His early childhood was happy, but when he was six his parents separated and three years later his mother married a man whom her son would come to loathe.   He was a balding, somewhat overweight, nervous man in his early forties. He died of a brain tumor in 1999.   He lived a brief, passionate, unhappy life.

 Shall I describe the arrangements of their home life at this time? I found it hard at first to disguise the contempt which they inspired in me, but gradually I became accustomed to their way of life.

 His mother had mental problems.  After one first disappointment she had taken leave of the major emotions.   She attended to the nearest matter at hand, no matter how trivial it was.  The immense accretion of flesh which had descended on her in middle life like a flood of lava on a doomed city had changed her from a plump active little woman with a neatly-turned foot and ankle into something as vast and august as a natural phenomenon.  She could be mistaken for a drag queen.   She drank, she aged, she suffered terribly from her dissipations.   Her clothes seemed to be all darts and buttons fastened mostly to show what they could not entirely contain.   She had a fancy for tiny ivory or jade elephants; she said they were luck; she left a trail of tiny elephants wherever she went; and she went hurriedly and gasping.   Her family, her husbands, her son, would have crushed any other woman I have ever known.   David admires her prodigiously; he thinks her so good that she will be able to get him into heaven, however naughty he is.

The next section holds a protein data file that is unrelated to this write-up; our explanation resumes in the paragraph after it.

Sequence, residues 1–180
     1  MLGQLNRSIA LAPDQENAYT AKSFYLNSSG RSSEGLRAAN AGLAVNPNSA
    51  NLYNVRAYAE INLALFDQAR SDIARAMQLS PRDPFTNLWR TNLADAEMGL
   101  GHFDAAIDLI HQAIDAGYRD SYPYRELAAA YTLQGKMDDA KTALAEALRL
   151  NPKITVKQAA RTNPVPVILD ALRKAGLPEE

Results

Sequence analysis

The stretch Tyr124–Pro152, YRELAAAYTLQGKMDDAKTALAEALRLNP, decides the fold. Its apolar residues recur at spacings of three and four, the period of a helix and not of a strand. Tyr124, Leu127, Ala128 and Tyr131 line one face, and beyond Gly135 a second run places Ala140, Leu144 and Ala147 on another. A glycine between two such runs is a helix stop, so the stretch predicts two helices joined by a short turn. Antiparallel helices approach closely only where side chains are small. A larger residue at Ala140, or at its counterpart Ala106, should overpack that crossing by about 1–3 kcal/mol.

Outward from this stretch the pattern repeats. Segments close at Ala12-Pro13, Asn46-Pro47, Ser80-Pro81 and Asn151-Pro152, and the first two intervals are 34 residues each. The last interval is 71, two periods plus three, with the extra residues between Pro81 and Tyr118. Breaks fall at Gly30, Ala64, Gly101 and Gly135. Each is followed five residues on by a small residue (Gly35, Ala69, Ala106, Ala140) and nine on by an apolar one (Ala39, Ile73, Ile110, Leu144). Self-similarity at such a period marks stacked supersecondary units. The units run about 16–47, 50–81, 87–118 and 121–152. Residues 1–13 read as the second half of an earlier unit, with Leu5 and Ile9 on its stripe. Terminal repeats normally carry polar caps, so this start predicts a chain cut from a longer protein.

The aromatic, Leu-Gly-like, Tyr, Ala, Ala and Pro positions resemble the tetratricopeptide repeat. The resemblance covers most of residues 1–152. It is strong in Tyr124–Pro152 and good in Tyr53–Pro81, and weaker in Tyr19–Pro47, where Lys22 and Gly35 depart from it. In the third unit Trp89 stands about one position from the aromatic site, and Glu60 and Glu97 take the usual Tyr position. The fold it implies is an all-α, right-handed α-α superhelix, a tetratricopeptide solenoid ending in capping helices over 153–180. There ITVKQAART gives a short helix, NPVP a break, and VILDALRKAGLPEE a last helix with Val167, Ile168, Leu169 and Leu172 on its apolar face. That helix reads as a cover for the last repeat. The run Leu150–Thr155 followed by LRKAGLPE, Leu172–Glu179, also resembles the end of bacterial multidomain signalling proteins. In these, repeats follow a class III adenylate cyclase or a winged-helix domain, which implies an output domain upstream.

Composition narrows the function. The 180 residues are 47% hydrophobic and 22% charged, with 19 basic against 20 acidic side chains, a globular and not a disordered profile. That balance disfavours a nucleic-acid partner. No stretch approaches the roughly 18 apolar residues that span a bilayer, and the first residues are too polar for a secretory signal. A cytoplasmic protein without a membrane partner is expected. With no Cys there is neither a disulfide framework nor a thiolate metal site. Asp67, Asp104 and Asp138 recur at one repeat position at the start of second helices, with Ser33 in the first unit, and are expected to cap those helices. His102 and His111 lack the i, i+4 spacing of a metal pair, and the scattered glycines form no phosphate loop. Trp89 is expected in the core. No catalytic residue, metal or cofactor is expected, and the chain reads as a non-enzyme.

How tender people are towards oppressors and how inexorable towards the oppressed!

I'm rough and tough," she said.

One often makes a remark and only later sees how true it is.

"What a sweet pair of fairies you guys are,? she said. Her voice was as hypnotic as a tom-tom, and as monotonous.

I will not be commanded, she thought.
 David leaned my way to fix me with a sad-eyed look.   He was stretched out on his little mattress, and I noticed he had exchanged his dinner jacket for an embroidered kimono and was displaying the affected ease of the opium smoker.
If there is mésalliance, as for the purists there must be, it was there from the start.
 Though he was both rich and young, he knew how to control his passions.  Even more commendable was his attitude to women, for he never pretended to scorn them and never boasted of his conquests. Very quickly, he discovered all the tricks of love: but being such a natural at them, he became entangled in the very love that caused them.

He talked incessantly about himself, yet was such good company that one could listen to the story of his ague forever.   He was adequately vicious to stand apart from the rest of the world without being aggressive or disagreeable, save on rare occasions.  Flushed with his impassioned gibberish he saw himself standing alone on the last barrier of civilization. I?ve been told so often that I would be helpless without him that I am slightly inclined to believe it, but only slightly.

 David recalled dimly that he was getting drunk again, as usual, he reasoned, to escape.  Not that there was much happiness in a life of pleasure.  That is how it is: life, tight-buttoned life, fits him ill, making him too much aware of himself and what he glumly takes to be his unalterable littleness of spirit.   He spent his life fleeing boredom, and he had no real goal beyond that.
A bell beat faintly very far away.